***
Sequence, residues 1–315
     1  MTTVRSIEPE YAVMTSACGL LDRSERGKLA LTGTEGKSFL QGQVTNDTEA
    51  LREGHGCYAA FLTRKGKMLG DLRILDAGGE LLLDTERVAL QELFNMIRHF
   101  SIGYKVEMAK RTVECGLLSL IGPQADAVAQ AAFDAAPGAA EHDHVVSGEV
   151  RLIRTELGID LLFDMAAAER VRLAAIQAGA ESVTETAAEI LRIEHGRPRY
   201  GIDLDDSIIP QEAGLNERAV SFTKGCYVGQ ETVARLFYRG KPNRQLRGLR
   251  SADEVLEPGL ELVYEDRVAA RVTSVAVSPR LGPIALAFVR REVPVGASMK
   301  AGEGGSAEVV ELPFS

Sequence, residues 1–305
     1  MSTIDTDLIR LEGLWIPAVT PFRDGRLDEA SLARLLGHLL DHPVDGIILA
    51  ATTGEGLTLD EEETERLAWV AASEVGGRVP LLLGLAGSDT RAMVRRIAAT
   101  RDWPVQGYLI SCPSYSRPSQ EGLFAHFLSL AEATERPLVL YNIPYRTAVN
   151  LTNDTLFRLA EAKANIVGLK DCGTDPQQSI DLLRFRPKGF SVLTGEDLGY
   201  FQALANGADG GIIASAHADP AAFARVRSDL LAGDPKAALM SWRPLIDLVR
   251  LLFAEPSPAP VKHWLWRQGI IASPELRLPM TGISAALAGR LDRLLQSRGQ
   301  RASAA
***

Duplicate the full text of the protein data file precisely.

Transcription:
Sequence, residues 1–315
     1  MTTVRSIEPE YAVMTSACGL LDRSERGKLA LTGTEGKSFL QGQVTNDTEA
    51  LREGHGCYAA FLTRKGKMLG DLRILDAGGE LLLDTERVAL QELFNMIRHF
   101  SIGYKVEMAK RTVECGLLSL IGPQADAVAQ AAFDAAPGAA EHDHVVSGEV
   151  RLIRTELGID LLFDMAAAER VRLAAIQAGA ESVTETAAEI LRIEHGRPRY
   201  GIDLDDSIIP QEAGLNERAV SFTKGCYVGQ ETVARLFYRG KPNRQLRGLR
   251  SADEVLEPGL ELVYEDRVAA RVTSVAVSPR LGPIALAFVR REVPVGASMK
   301  AGEGGSAEVV ELPFS

Sequence, residues 1–305
     1  MSTIDTDLIR LEGLWIPAVT PFRDGRLDEA SLARLLGHLL DHPVDGIILA
    51  ATTGEGLTLD EEETERLAWV AASEVGGRVP LLLGLAGSDT RAMVRRIAAT
   101  RDWPVQGYLI SCPSYSRPSQ EGLFAHFLSL AEATERPLVL YNIPYRTAVN
   151  LTNDTLFRLA EAKANIVGLK DCGTDPQQSI DLLRFRPKGF SVLTGEDLGY
   201  FQALANGADG GIIASAHADP AAFARVRSDL LAGDPKAALM SWRPLIDLVR
   251  LLFAEPSPAP VKHWLWRQGI IASPELRLPM TGISAALAGR LDRLLQSRGQ
   301  RASAA